You know, I guess I just like to close by saying, history kind of shows us what we've learned and where we've been, and the future shows us what's possible. I feel like our campus, our University really is a great melding of both of those things. I'm incredibly grateful that our family has been able to benefit from this University, professionally, educationally and personally. I hope that that legacy can continue for generations to come.


President Brian Sandoval:
Well, Cheryl, thank you. And I like to say when you're in the middle of history, you don't realize you're making it, and I think that you've made history, and you've made like people's lives better. People are going to look back at this time and be grateful that you were on this campus and the service that you provided to so many people, and I'm grateful for you.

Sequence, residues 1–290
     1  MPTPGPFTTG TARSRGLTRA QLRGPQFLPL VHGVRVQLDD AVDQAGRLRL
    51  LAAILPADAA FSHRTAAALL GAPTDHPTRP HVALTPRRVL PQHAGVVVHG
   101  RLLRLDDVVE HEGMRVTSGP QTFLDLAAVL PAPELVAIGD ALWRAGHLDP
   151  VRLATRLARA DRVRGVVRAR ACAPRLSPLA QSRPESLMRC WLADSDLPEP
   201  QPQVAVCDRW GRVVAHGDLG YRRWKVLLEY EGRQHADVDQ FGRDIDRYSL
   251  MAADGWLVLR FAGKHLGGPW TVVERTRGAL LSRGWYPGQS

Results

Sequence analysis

Dr. Cheryl Hug-English:
Thank you so much, President Sandoval.


President Brian Sandoval:
So, unfortunately, that is all the time we have for our very first episode of Sagebrushers I'm not sure that we could have asked for a better start to the series. And thank you for joining us today, Dr. Hug-English. And thank you for all that you've done for our University, especially over the last few years of facing this pandemic. You truly do exemplify the Wolf Pack Way.

Next month, we will bring you another episode of Sagebrushers and continue to tell the stories that make our University special and unique. Until then, I'm University President Brian Sandoval, and go Pack!